Lufkin Prize 2014 Awardee -- Patrick F. Noonan
The Dan W. Lufkin Prize for Environmental Leadership was created to recognize and honor individuals who have dedicated their entire lives to the environment and on-the-ground conservation.
Patrick F. Noonan
Pat Noonan will be the second Lufkin Prize awardee. With his creative mind and bold approach to myriad conservation threats, Pat has demonstrated that economic and environmental goals are complementary. Through his broad experience in land conservation and belief in the importance of partnerships, he has been an innovative leader in creating relationships among private landowners, nonprofit organizations, government and public agencies, and businesses that are necessary to protect our heritage now and in the future. In fact, Pat was one of the first to recognize the multiple values of agricultural land and an early champion of protecting the nation's working landscapes.
The Conservation Fund, where he was founder and chairman, a partnership between community, government and business to achieve land conservation across America. The Fund has protected more that 5.5 million acres of America’s special places since its founding.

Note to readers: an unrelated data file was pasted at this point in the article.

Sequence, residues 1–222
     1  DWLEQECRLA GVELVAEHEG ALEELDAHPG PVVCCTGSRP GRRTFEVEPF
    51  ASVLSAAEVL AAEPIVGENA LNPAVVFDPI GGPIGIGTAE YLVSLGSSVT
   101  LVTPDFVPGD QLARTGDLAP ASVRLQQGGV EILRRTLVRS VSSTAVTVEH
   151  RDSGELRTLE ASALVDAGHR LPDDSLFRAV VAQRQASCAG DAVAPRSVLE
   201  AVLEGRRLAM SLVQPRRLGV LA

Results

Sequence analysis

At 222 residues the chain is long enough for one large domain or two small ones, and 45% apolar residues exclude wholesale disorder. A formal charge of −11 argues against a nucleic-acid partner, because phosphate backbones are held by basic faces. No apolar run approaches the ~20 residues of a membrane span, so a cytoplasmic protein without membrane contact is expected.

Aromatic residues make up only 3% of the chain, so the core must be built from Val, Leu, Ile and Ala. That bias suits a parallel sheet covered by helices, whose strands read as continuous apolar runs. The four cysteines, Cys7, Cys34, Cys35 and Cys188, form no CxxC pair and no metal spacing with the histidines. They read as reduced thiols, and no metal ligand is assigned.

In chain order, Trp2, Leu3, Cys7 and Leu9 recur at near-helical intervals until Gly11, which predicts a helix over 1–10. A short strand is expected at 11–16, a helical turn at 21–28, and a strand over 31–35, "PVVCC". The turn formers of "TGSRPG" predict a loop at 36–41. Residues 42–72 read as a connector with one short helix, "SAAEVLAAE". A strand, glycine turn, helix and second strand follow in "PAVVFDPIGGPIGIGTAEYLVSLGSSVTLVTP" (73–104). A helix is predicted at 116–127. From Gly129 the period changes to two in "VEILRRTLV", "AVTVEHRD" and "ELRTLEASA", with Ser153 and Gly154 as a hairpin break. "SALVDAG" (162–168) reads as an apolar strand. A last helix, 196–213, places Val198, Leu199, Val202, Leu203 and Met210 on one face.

Pat is also a former president of The Nature Conservancy and founder of the American Farmland Trust, where he currently serves on the President’s Council. He received his BS in business administration from Gettysburg College, MBA from American University and a MS from Catholic University of America in city and regional planning. Pat started his career in the parks field as a planner with the Maryland-National Capital Park and Planning Commission. Pat has served on three Presidential Commissions—the President’s Commission on Americans Outdoors (1985–1987), the President’s Commission on Environmental Quality (1991–1993), and the President’s Commission on White House Fellows.
He truly has been one of the most effective and imaginative environmental leaders of our time, most recently evidenced by his creation of the Captain John Smith National Water Trail, the first blue water National Park.